LABELS: Hilliard Live 4
WORKS: Missa Se la face ay pale; Flos florum; Anima mea; Moribus
PERFORMER: Hilliard Ensemble
CATALOGUE NO: (available from tel 01904 636111)
The Hilliard Ensemble is, like Caesar’s wife, all things to all men. Its repertory ranges from plainsong to the music of Arvo Pärt, but its recordings of 15th-century music do seem to have a rather special quality. Virgin Veritas recently reissued its discs of English music from that period, and the group has now turned to continental music with an anthology of songs (Sweet Love, Sweet Hope – reviewed December 1996) and this splendid account of the Missa Se la face ay pale written in the 1450s by the great Guillaume Dufay.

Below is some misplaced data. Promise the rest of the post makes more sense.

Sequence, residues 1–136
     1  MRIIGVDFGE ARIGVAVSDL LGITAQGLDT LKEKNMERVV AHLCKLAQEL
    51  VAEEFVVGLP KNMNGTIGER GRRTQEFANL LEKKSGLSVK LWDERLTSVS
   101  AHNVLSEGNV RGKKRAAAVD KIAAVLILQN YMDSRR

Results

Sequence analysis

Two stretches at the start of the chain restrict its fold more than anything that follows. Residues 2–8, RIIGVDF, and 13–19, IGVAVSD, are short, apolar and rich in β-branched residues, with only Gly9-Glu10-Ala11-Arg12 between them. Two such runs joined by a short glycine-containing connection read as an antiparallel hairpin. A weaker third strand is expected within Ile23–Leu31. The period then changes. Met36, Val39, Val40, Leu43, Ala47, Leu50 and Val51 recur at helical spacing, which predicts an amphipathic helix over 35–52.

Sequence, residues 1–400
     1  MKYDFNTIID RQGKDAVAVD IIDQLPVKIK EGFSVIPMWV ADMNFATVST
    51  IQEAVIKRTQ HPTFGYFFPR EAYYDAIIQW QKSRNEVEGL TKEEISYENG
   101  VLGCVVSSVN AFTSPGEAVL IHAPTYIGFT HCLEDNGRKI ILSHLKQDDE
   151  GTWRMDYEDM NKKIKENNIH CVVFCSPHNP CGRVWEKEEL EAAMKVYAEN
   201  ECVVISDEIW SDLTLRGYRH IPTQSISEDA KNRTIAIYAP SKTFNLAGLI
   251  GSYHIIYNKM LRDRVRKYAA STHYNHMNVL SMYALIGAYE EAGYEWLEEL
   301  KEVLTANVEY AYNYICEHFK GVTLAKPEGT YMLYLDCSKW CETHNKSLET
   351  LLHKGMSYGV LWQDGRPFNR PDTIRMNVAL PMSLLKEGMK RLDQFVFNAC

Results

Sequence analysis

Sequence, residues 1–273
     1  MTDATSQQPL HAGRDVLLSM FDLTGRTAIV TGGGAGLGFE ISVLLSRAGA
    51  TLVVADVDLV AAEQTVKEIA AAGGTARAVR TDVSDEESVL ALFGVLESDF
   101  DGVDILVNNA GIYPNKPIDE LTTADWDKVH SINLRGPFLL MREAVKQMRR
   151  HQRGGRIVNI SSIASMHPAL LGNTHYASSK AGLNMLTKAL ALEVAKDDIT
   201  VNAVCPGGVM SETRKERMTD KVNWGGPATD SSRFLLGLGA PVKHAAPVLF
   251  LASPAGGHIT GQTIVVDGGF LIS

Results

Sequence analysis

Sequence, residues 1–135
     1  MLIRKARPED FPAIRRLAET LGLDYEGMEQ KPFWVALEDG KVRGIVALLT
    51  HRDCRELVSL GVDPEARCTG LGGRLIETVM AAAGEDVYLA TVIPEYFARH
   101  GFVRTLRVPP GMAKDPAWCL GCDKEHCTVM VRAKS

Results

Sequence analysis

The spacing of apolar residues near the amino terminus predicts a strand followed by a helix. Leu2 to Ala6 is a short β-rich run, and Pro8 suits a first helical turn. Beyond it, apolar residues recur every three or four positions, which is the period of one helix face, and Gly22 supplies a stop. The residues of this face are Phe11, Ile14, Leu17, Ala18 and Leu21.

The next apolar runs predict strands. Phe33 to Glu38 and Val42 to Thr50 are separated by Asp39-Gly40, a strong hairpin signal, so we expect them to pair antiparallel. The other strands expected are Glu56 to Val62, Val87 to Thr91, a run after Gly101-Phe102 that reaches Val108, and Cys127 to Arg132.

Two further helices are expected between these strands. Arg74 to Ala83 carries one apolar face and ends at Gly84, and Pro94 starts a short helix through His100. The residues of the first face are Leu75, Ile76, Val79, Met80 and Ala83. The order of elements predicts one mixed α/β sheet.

The only serious rival to the current disc is David Munrow’s attractive 1974 recording of the Mass reissued on Virgin Veritas two years ago. Munrow’s disc also provides, unlike the Hilliard one, the love song upon which the Mass is based, but his singers are accompanied (rather unnecessarily) by instruments, and their pacing is erratic, being achingly slower than the Hilliard in the Kyrie, Gloria and Agnus, and hectically quicker in the Credo and Sanctus. The Hilliard disc is a live recording, which gives rise to some distracting noises (especially in the Agnus) and some missed opportunities in the musical detail (such as the vocal imitation at the beginning of the Credo), but the sense of a musical journey is overwhelming. I enjoyed, too, the wayward but brilliant account of Flos florum, sung for once as if it were a love song rather than a motet. Finally, the disc (like some others in the Hilliard Live series) has a hidden recording placed on the last track after several minutes of silence: what the work was or meant, I know not – apparently even Caesar’s wife has her secrets. Anthony Pryer